#LoveWins: Transgender people likely to face more opposition now in the U.S.

First, congratulations to our gay and lesbian friends in the United States, who have won marriage equality thanks to a Supreme Court ruling today.


With that battle more or less finally out of the way, right-wing organizations and others who have been fighting against same-sex marriage may turn the full focus of their exclusionary beliefs and bigotry on transgender people.

Because, heaven forbid that the right-wingers try to do something about real problems in America, like homelessness, hunger, the proliferation of guns, industrial pollution and so on.

No, they justify their organizations’ existence, and their fundraising campaigns, by attacking minority groups, even if they know they will ultimately lose their battles.

So, while the L & G people under the rainbow umbrella may have scored a huge victory today, transgender people should brace themselves for a right-wing storm, and the wrath that accompanies it.

— Jillian Page, LGBT Perspectives editor


“Let harmlessness be the keynote of your life.” — Alice Bailey


18 thoughts on “#LoveWins: Transgender people likely to face more opposition now in the U.S.”

    1. That may have happened on the past. The same-sex marriage decision doesn’t change the fact that the T and the GLB communities face the same hate groups.


  1. We’re tired of being on the BACK of the LGBT train and also tired of being the LAST letter…
    TG gets NOTICED and LUMPED into a STEREOTYPE: “OTHER” is the REAL political meaning of
    L G B T…I”m Female first and last and also we’d like MORE support from WITHIN the LGBT spectrum as well….
    I suspect it’s a win mostly and a bit of backlash BUT the TONE is “DON’T mess with US lgb or T..” bottom line

    see the irony is: I’m hetero THEN and hetero NOW
    I’m Female once always forever
    TG is more COMPLEX than G…
    I was never gay am not now and never will be
    sexuality and being TG are two VERY vast different ISSUES
    sexuality is SECONDARY
    it’s Gender IDENTITY
    i’m a woman who HAPPENS to be TG transgender
    I’m NOT a TRANSGENDER woman
    SEE the point?

    also by “RAINBOW” ing my face the NON LGBT community STILL stereotypes you….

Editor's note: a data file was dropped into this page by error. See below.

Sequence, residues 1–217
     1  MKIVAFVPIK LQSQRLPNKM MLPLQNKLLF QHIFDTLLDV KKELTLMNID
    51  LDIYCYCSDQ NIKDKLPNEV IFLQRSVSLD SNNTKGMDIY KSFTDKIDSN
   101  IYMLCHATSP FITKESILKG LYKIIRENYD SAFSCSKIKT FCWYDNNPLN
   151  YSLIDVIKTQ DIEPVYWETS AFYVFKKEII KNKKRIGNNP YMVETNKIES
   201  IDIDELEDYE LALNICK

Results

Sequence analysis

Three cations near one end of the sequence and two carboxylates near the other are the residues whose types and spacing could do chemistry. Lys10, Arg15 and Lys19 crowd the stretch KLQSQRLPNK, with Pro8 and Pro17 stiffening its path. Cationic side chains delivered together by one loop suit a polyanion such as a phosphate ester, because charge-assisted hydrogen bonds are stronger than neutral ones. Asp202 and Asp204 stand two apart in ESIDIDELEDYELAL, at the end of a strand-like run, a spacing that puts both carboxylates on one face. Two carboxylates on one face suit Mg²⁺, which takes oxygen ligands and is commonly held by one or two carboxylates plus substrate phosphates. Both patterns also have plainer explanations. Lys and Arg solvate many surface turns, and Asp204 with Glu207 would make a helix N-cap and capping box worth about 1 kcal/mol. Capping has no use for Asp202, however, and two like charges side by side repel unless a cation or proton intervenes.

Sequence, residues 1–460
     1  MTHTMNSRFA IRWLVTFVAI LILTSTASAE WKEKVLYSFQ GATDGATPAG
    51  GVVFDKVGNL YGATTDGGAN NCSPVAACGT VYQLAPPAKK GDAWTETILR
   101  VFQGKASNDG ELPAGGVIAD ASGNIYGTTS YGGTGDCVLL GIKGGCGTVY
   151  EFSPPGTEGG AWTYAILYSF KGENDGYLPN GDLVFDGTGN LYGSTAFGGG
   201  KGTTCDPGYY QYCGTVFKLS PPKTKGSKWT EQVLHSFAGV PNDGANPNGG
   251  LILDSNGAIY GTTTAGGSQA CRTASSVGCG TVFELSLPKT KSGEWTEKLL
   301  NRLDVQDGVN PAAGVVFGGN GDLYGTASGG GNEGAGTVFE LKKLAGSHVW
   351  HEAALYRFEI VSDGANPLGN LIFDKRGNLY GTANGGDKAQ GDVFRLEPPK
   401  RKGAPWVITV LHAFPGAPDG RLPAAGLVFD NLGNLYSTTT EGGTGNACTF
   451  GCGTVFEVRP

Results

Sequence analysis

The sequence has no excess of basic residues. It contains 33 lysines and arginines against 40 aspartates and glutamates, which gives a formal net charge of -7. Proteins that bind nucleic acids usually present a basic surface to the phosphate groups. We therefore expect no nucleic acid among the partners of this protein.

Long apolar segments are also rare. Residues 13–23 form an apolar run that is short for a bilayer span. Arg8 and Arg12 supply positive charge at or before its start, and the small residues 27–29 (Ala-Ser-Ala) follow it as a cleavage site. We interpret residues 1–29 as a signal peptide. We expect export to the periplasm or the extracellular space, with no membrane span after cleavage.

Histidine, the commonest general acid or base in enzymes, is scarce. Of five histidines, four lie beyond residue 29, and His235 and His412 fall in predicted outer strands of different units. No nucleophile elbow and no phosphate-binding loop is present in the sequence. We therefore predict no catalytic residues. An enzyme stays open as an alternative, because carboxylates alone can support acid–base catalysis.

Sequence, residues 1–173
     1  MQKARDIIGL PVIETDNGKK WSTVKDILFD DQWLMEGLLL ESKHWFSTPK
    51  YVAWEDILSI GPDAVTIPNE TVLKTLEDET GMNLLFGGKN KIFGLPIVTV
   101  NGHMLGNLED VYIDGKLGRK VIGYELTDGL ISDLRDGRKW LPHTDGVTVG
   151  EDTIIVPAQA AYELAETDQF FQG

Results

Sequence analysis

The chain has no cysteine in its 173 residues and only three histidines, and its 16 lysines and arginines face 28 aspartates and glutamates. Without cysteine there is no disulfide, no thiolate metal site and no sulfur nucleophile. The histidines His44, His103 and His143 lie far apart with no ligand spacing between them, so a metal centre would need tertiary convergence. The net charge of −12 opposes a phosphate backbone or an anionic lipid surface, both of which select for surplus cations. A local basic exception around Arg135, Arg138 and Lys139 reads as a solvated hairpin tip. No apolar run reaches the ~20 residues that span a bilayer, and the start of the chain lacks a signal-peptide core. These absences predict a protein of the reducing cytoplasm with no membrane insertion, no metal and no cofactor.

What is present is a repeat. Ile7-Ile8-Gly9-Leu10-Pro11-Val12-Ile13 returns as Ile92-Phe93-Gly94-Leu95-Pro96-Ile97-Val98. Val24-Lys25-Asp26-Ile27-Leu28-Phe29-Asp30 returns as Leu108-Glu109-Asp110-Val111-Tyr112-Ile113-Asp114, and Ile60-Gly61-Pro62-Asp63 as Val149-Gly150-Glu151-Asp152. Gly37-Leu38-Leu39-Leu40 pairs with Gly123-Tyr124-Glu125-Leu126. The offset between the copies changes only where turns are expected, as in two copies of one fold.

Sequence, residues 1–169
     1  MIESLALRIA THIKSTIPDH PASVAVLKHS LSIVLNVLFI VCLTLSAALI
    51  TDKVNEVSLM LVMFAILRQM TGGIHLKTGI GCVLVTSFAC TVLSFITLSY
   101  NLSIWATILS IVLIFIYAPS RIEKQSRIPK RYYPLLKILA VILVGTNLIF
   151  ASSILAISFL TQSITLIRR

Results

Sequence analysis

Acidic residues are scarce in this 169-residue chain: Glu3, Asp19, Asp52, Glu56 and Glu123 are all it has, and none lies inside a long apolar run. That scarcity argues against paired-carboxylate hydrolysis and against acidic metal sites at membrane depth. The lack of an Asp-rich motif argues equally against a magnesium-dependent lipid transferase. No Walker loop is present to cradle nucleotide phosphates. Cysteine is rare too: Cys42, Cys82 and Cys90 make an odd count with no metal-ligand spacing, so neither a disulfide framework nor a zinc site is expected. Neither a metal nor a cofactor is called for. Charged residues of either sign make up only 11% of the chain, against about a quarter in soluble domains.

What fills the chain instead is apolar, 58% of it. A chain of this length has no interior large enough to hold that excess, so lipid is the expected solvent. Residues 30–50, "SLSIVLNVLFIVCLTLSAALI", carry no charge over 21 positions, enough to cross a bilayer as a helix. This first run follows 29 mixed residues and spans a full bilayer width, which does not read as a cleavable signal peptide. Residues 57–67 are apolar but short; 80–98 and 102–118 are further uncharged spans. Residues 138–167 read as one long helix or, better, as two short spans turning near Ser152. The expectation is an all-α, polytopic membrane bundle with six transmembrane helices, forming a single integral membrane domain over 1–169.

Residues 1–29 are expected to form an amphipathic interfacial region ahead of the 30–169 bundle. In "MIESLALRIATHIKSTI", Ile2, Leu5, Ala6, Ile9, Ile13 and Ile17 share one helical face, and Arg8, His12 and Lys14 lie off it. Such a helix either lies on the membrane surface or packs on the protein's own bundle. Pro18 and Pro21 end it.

rainbow means GAY rainbow means LGBT
    I’m a WOMAN
    it’s a catch-22
    damned if you DO
    damned if you DON’T


    1. Personally, I don’t like the term “Transgender” because “trans” means in transition, changing something. And when combined with “gender” it literally says one is changing their gender. And that is simply wrong.

      My “trans” friend is truly a woman in a man’s body. What is trans is her physical appearance – not her gender.

      I really don’t know when the T was added to the LGB community, but it was probably stereotyping by the common press that if a man is dressed as a woman, he must be gay.

      I reject that stereotype and accept my trans friends as they are. I don’t think that the LGB community will turn their backs on their T associates now that same-sex marriage is just marriage now. The whole LGBT community will still need each other to protect against the new thrust by the conservative religious right, their political party and their propaganda media outlet, Faux News to marginalize and harass anyone who is not like them.

      I expect to see more persecution regarding employment, adoptions, jobs around kids. It’s not just gays, though that’s their named target, but it includes anyone not like them. (As Rachel Maddow says: “Male, pale and stale” or old white men.)


      1. Steve, the T in LGBT was added in the 1980’s almost single-handedly by a trans woman activist named Yvonne Cook-Riley.

        Her idea was to connect our groups politically in order to be able to strengthen our numbers so as to be heard. Because of her position in public and private places, she was able to add this to our discourse.

        Though there are great differences between trans and LGB people (many trans folk are also LGB), we are all queer in sexually related ways, and we all have to deal with closely related problems with misunderstanding, demonization, hatred and violence.

        If you would like to know more, you can Google Yvonne. She is still active in the queer community in her semi-retirement here in Asheville, North Carolina USA.

        Blessings & Joy!!


        1. Interesting choice of word: “queer.” I will be writing about it. A lot of older people refuse to refer to themselves as “queer” because of the negative connotations from the past, while a lot of younger people have “reclaimed” it.

          Liked by 1 person

          1. Yes, I’ve heard that. I’m fifty-three, and I feel comfortable reclaiming the word. I am tending to prefer it to the ever-lengthening: LGBT…. (which I often write: LGBT+)